'My husband and I could not get anybody out of the car'

JULIEANNE Gilbert has relived the harrowing moment she watched helplessly as five people died in a fiery head-on crash in front of her.

The Mackay MP told Queensland Parliament she and her husband Frank had been travelling to Bowen on the Bruce Highway in May 2005 when a driver moved out from behind a bus to see if they could pass.

 

"A utility was coming in the other direction," Mrs Gilbert said. 

"This caused a head-on collision right in front of my car. The driver of the ute died on impact.

"In the young driver's car were her mother, sister and a family friend. It flipped over and caught alight.

"My husband and I could not get anybody out of the car."

Mrs Gilbert was speaking yesterday to commend the Road Safety and Other Matters Amendment Bill passed at the regional sitting of parliament in Townsville.

The Bill will bring forward legislative reforms designed to reduce road trauma in Queensland, and Mrs Gilbert said the House was committed to reducing fatalities and injuries on the road. Its introduction followed Queensland Road Safety Week last week.

The MP's thoughts were also with the family of a young man who died in a crash in Mackay last month.

"Road statistics get reported in the news all the time," she said. "The effect and the horrific impact need to be taken on board by everyone.

"On August 23 we woke in Mackay to read, splashed across our local media, this story - 'My heart is broken': Tributes for teen killed in crash.

"My deepest condolences to the family and friends of Jack Dunwoodie. I hope that the laws we pass in this parliament today spare other families, friends and communities of the pain of losing a loved one."

Mrs Gilbert said road crashes could happen at any time and often the response from the community was 'it's the road's fault'.

"Roads do not kill or cause accidents; it is the driver of the vehicle not driving to conditions," she said.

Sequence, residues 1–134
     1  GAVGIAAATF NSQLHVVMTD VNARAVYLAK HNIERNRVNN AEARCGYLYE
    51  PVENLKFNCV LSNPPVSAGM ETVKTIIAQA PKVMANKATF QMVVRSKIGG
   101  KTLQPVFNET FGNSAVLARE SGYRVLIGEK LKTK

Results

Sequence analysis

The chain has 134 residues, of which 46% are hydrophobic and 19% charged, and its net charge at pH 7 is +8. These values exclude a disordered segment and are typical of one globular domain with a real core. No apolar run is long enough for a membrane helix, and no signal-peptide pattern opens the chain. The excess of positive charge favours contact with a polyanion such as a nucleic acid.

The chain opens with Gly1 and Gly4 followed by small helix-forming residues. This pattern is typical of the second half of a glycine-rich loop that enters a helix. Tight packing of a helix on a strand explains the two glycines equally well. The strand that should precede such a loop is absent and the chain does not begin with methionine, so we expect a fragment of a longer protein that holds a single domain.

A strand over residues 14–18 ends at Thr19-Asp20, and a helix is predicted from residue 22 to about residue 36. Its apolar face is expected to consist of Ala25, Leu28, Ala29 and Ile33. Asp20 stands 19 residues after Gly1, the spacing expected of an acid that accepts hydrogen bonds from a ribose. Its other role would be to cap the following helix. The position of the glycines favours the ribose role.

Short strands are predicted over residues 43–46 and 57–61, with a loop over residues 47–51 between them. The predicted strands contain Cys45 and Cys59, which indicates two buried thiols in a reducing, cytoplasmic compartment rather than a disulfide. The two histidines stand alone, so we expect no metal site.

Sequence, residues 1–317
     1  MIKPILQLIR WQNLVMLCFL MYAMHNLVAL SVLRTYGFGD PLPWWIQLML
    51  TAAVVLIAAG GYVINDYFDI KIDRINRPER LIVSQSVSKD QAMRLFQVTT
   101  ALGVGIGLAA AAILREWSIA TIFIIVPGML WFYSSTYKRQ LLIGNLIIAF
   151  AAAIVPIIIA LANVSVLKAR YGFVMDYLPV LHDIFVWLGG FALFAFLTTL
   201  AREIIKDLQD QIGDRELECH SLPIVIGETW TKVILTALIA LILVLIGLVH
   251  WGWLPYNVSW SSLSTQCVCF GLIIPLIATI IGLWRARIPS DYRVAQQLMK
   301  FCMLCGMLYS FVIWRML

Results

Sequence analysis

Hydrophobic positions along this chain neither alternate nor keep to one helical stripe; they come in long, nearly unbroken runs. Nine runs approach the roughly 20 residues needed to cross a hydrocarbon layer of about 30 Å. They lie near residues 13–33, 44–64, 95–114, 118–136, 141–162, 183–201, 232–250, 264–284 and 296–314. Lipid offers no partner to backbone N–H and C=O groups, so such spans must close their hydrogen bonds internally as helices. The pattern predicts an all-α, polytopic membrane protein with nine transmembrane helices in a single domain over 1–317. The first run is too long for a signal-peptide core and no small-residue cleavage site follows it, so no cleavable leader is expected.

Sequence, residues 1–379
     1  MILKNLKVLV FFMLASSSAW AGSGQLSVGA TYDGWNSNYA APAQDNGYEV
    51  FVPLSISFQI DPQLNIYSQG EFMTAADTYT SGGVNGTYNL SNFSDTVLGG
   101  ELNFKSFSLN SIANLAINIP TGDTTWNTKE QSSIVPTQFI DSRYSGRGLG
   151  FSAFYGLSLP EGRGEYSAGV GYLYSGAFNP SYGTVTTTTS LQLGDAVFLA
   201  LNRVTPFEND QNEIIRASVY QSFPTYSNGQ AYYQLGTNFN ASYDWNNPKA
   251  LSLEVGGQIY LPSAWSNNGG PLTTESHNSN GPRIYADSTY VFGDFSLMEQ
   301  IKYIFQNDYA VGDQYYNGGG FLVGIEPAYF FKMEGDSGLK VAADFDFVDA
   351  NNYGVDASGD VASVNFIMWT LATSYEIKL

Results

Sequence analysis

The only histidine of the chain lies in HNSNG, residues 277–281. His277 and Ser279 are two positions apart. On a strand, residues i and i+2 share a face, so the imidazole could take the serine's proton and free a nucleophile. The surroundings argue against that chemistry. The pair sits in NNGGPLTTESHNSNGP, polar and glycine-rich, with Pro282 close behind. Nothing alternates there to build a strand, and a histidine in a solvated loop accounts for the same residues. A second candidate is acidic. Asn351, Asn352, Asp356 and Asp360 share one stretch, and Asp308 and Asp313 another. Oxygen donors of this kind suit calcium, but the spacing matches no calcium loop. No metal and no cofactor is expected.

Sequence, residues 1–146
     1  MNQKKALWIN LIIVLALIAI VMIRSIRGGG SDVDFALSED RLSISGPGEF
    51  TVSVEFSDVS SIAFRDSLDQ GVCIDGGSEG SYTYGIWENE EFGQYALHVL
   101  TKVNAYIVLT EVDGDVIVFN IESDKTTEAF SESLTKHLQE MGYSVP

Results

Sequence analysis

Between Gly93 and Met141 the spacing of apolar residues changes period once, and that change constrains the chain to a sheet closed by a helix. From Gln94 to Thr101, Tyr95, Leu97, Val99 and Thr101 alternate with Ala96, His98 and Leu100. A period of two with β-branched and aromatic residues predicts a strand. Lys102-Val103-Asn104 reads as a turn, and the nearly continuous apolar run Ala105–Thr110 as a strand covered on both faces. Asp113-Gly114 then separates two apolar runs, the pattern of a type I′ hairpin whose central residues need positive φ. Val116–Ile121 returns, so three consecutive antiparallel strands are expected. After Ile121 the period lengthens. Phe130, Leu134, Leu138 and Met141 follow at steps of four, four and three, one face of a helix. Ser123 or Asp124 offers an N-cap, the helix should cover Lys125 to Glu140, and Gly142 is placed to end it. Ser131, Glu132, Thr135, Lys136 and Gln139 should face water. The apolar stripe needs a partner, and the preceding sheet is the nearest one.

"When we all drive to conditions, fewer accidents will occur and people will not have their lives turned upside down.

"Road deaths and accidents need to be reduced. We want our loved ones to be with us."

Mrs Gilbert said she and her husband had been personally affected by the crash they witnessed.

"The emergency workers who attended had been to many fatal crashes that year and they were emotionally fatigued and wrung out," she said.

"All of these deaths could have been avoided."

She said improvements had been made to the Bruce Highway between Mackay and Townsville.

"There are many more overtaking lanes. There are also wide centre lanes so you can look out to see if there is something coming and pass safely," she said. "Our roads are getting better.

"Death and serious injury on Queensland roads costs Queensland more than $5 billion every year and causes devastation to individuals, families and the broader community.

"Queensland's Road Safety Strategy 2015-21 sets an ambitious target to reduce deaths and serious injury by 30 per cent by 2020, meaning that we need to reduce our road fatalities."

This year, compared to 2018, there have been eight fewer deaths on Mackay Police District roads.

Member for Mackay Julieanne Gilbert at the protest for improved pay and conditions for child safety officers.
Member for Mackay Julieanne Gilbert. Emma Murray

Mackay Road Accident Action Group chairman Brett Hoskin said driving a vehicle would be the most dangerous thing a person could ever do.

"The majority of crashes result from making the wrong choice or judgment behind the wheel," he said.

"The road is the road... what we have is what we have. The driver makes a choice on how fast they go and what conditions they drive in. Regardless of the condition of the road, it comes back to the driver."

Mr Hoskin agreed with Mrs Gilbert that the wide centre lanes in the region were extremely effective.

"I'm quite confident the State Government is doing a lot to reduce the fatalities and serious injuries," he said.

"They could still do more."